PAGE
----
Reporting Process

  • What is a practical template and when should annual reports be due?
  • How could reports be made accessible to the public? How could information be made easily available to Aboriginal groups and communities?
  • What would be the easiest way for companies to notify both the Government of Canada and the public that they have met reporting obligations?

Verification process

  • What is the viability of having the reporting data third-party verified?

Potential for a conflict of laws

  • What is the potential for conflict between the proposed mandatory reporting standards with host country laws prohibiting disclosure? What are potential mechanisms or strategies to address conflicts?
  • What is the potential for a conflict between contract law and the proposed mandatory reporting standards? How should confidentiality clauses in Impact Benefit Agreements be addressed?

Timelines

The Spring 2014 consultations will build on those undertaken in 2013.

March - April 2014: Consultation sessions, including posting material on the Treasury Board Secretariat's Open Government portal for public comment until May 9, 2014. Summaries of consultations will be made available on the Treasury Board website.

If equivalent standards are not implemented by provinces/territories, the federal government will enact legislation, which will require the following timeline:

  • June – August 2014 – Legislation is drafted;
  • September 2014 – Legislation introduced in the House of Commons;
  • December 2014 – Legislation considered by Parliament;
  • January – March 2015 – Regulations developed; and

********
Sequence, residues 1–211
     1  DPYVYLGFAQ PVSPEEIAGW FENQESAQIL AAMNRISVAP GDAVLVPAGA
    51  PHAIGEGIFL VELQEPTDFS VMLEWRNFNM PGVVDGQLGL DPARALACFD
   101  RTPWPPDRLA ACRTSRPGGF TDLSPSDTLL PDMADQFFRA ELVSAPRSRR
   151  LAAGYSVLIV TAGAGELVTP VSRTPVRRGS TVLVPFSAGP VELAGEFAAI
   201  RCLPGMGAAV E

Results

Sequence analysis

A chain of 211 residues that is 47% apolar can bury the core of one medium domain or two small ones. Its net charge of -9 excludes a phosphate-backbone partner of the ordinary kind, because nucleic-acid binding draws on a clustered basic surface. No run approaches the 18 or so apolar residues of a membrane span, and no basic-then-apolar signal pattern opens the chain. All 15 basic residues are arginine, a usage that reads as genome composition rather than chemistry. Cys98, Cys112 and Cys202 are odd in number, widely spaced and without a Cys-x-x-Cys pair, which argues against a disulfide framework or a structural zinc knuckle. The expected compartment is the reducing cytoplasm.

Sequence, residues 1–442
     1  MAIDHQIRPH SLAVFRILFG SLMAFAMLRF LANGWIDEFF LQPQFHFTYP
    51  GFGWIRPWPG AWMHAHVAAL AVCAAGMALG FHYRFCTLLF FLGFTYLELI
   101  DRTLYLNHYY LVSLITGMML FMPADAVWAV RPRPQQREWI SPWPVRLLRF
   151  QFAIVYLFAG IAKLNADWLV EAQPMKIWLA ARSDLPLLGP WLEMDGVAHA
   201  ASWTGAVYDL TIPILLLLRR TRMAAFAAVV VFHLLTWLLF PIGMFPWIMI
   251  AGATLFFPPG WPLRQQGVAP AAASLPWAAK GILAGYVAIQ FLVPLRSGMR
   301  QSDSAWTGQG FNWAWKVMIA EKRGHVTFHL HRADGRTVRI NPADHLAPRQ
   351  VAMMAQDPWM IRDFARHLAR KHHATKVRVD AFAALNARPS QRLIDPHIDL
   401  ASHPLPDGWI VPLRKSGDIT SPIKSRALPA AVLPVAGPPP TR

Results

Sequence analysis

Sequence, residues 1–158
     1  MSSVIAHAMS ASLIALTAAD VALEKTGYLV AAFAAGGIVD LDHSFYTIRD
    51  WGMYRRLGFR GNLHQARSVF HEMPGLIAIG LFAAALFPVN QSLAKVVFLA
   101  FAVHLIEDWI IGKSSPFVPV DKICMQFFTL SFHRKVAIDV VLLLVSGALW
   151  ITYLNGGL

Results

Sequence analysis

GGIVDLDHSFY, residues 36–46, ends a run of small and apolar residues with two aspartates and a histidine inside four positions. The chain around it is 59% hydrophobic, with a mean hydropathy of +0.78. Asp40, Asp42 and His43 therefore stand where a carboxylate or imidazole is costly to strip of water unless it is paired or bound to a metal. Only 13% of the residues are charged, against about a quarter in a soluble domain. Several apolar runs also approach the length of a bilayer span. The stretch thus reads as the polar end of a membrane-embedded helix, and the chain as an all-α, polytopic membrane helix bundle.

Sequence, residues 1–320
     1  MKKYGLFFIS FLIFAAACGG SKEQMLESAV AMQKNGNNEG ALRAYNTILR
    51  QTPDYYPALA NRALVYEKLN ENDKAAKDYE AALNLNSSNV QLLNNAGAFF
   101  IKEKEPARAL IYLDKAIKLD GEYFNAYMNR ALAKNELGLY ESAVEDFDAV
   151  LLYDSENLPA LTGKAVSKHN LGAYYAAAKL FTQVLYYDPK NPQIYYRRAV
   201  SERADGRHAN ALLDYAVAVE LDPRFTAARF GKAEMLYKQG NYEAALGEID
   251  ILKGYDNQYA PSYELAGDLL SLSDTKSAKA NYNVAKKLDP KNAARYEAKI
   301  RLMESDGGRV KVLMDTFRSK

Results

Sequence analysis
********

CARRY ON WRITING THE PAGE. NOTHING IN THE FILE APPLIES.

• April 1, 2015 – Legislation enacted.

ANNEX – Comparison Table

Comparing Canada to the Emerging Global Standards
  Canadian Approach U.S. Dodd-Frank Act EU Transparency Directive
Extractives covered Mining, oil & gas Mining, oil & gas Mining, oil & gas, forestry
Types of companies Public, and medium and large private extractive companies (those that meet or exceed 2 of 3 of the following thresholds: $20M assets; $40M in net turnover; or 250 employees.) Public (listed with U.S. SEC) Public (listed on all EU stock exchanges), plus large unlisted companies that meet or exceed 2 of 3 of the following thresholds: €20M assets; €40M in net turnover; or 250 employees.
Payments to Governments In Canada – all levels, including Aboriginal entities

To foreign governments – all levels

In US – federal only

To foreign governments – all levels

To foreign governments – all levels
Threshold of Reporting $100,000 $100,000 €100,000
Penalties To be determined. Removed from SEC Subject to individual EU members' future legislation (e.g., fines, criminal prosecution)
Timelines June 2015 Two years or more June 2015 (implementation by Member States)